Boomers, divorce and retirement: a few salient points

One age group demographic that financial planners, family law researchers and certainly experienced divorce lawyers are readily focused upon when it comes to the subject of divorce and retirement savings is the 50-plus crowd.

The reason for that is, of course, evident: Older individuals have less time than do comparative youngsters to ramp up savings to recoup financial losses. They are less likely to clock as much time in the workforce going forward, contribute as much in the future toward retirement earnings or polish up their resumes to forge new careers.

Given those constraints, many divorcing baby boomers likely feel a bit more — indeed, a lot more — pressure than younger separating couples to get the financial details right during divorce negotiations.

As a media topic focused on so-called “gray divorce” and retirement puts it, “it’s critically important to pay attention to how your retirement savings weathers the storm” if you’ve got only a few years left to retirement (or, indeed, if you’re already in your retirement years).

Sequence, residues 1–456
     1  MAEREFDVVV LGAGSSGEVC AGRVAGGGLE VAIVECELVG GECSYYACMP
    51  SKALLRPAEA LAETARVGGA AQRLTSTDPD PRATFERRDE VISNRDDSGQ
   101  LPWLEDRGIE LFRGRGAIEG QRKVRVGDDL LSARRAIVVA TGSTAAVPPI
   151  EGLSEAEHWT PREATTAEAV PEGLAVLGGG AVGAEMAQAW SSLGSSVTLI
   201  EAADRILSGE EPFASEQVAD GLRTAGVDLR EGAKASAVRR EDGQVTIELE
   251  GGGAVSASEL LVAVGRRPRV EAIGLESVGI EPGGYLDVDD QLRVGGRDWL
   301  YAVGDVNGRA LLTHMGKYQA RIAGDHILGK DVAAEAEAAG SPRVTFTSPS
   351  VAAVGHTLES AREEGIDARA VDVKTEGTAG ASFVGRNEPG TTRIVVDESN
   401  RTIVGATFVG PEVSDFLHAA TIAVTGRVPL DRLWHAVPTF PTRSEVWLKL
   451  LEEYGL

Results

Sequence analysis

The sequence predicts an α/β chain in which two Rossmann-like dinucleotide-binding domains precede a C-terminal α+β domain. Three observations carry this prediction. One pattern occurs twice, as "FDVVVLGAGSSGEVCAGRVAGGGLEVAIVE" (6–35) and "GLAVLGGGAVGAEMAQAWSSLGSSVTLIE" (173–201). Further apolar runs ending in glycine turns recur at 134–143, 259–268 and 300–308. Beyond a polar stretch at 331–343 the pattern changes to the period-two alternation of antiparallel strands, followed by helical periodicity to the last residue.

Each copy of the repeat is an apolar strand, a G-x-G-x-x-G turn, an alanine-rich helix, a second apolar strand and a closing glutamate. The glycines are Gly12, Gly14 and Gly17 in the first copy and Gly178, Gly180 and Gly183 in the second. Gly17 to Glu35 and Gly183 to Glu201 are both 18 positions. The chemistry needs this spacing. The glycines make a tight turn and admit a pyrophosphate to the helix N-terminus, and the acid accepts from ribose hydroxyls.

For many older divorcing couples, a strong spotlight obviously falls upon retirement accounts held by one of the soon-to-be former spouses, specifically those that are shielded from taxes as they accumulate earnings in employer-sponsored plans.

For many of our readers in Georgia and elsewhere, that might immediately trigger thoughts of a 401(k) plan. Other types of company plans typically include pensions, stock options and retirement payouts.

Those savings vehicles can often be an important lifeline for a divorcing spouse who would be economically disadvantaged without some legal claim to them following a marital dissolution.

There can be a number of age-specific and highly singular considerations attached to divorces featuring persons close to or starting retirement. A proven divorce attorney with knowledge concerning the financial dimensions of divorce for comparatively older persons can help a client identify them and employ a strategy during the divorce process that optimally promotes financial independence.

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